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The Mass Media

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‘The Gods’ Leave Campus, Future Installation to Come

On+April+6%2C+The+Gods+series+of+sculptures+were+removed+from+outside+the+Science+Center+and+shipped+to+a+museum+in+Spain.

On April 6, “The Gods” series of sculptures were removed from outside the Science Center and shipped to a museum in Spain.

Students walking across campus will pass the Science Center and notice the absence of an art installation titled “The Gods.” On April 6, workers removed the three sculptures, which vaguely resemble a hoof, foot, and finger. Each bore the name of a Greek titan: Kronos, Ouranos, and Rhea, from whom the gods of Olympus were descended. They were created by modernist sculptor William G. Tucker. 
According to a University of Massachusetts Boston construction update email sent the weekend prior, “The Gods” was headed for Spain to be displayed at the Museo de Bellas Artes de Bilbao in Bilbao. Tucker, an internationally known modernist sculptor from Britain, loaned the work to UMass Boston as a component of its Arts on the Point art series, which borrows pieces until a prospective buyer shows.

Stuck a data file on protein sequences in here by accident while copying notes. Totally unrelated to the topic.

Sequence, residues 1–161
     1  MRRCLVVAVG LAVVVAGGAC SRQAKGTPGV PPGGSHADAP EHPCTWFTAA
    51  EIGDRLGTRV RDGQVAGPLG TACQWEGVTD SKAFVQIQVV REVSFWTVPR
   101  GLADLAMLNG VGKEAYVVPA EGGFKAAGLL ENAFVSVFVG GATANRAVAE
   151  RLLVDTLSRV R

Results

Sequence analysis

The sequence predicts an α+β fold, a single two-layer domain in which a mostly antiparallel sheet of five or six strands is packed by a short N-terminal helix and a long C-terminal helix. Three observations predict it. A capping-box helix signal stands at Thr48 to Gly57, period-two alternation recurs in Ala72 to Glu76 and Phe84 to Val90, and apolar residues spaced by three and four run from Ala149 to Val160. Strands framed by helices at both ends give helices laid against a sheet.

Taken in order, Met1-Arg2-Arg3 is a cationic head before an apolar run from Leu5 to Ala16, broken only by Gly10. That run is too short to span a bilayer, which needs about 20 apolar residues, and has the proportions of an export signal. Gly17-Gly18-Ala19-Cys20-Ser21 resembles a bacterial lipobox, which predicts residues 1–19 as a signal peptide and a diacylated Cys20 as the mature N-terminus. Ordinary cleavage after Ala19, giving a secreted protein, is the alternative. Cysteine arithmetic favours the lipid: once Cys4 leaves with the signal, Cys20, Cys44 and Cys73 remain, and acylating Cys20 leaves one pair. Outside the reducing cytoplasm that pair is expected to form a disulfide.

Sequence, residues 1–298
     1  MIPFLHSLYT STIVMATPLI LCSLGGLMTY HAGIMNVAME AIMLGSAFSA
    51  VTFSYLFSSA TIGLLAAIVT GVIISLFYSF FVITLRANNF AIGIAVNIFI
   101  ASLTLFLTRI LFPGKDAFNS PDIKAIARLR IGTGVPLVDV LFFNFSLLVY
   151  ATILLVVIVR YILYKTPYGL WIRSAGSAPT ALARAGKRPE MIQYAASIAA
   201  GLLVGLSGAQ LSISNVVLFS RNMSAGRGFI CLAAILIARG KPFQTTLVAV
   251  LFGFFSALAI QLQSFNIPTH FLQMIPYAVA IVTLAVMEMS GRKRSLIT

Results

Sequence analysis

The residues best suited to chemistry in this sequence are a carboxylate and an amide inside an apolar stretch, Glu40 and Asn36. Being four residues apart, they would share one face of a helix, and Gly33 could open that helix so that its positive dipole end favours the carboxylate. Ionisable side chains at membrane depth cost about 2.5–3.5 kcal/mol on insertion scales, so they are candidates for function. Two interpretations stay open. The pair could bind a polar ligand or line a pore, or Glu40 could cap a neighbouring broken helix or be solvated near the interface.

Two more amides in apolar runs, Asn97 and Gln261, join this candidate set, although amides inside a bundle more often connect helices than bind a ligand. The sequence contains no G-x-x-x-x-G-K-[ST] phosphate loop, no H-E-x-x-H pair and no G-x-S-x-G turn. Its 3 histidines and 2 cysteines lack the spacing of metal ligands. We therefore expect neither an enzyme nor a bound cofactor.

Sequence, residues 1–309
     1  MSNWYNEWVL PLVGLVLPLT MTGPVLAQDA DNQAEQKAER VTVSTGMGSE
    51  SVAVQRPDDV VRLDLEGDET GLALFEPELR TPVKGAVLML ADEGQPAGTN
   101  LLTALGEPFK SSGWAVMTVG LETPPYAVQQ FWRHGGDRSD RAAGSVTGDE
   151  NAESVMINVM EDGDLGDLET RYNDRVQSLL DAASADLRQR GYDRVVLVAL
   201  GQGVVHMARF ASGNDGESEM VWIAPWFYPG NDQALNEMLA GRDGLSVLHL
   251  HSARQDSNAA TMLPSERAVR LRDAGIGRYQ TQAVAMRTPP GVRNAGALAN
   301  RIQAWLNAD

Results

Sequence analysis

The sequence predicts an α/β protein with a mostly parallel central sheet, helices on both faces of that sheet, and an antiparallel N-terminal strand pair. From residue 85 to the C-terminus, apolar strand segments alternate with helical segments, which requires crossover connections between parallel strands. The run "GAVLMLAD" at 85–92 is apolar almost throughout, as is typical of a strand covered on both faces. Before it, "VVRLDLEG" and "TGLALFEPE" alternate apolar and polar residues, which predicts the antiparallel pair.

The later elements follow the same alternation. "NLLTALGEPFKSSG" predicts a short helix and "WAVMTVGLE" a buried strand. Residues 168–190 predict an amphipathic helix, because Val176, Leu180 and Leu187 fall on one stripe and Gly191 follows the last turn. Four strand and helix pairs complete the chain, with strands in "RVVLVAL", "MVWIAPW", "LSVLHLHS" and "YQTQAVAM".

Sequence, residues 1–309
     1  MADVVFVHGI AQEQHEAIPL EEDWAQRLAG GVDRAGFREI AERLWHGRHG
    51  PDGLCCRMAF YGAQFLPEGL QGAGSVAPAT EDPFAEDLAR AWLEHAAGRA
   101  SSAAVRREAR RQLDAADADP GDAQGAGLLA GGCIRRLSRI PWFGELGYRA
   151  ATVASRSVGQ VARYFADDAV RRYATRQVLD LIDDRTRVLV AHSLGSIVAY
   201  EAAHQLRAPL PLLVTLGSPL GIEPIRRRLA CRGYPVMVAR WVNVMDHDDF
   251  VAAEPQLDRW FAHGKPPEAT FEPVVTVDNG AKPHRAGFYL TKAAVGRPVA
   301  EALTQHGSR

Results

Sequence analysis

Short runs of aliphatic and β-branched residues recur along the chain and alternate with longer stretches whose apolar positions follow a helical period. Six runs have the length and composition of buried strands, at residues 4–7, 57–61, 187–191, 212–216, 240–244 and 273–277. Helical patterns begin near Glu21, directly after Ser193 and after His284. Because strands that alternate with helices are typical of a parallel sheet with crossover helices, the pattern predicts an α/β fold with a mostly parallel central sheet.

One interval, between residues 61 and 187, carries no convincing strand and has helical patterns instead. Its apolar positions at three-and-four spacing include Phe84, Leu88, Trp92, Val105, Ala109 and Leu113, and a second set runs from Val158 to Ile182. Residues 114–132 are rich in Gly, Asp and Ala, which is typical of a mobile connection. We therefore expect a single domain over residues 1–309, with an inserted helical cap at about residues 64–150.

Over the past couple of years, the Arts on the Point has shrunk as pieces were bought, or construction required them moved. The giant and bird-like “Huru” was removed last fall to make room for roadwork. 
Arts on the Point is funded by private donors and features works by important sculptors from the 20th and 21st centuries, which are “situated throughout the campus in dynamic relationship to their environment,” according to the UMass Boston website. Retired Art History Professor Paul Tucker and Associate Professor of Art Erik Levine curate and coordinate the series. 
Tucker says they have slowed down their acquisition of outdoor pieces because of construction and other disruptions, but that a new multimedia piece will soon be coming to the Campus Center. Made by Paul Ramirez Jonas, it consists of several flat screen TVs that broadcast information about sunrises around the world in a format that looks like an airline terminal info screen.
“The Guggenheim Museum in NY bought a copy of this piece for their permanent collection, so we are in very good company,” says Tucker. 
Paul Ramirez Jonas is a contemporary artist from California whose interactive art often draws from other texts. He has shown and been commissioned for work internationally.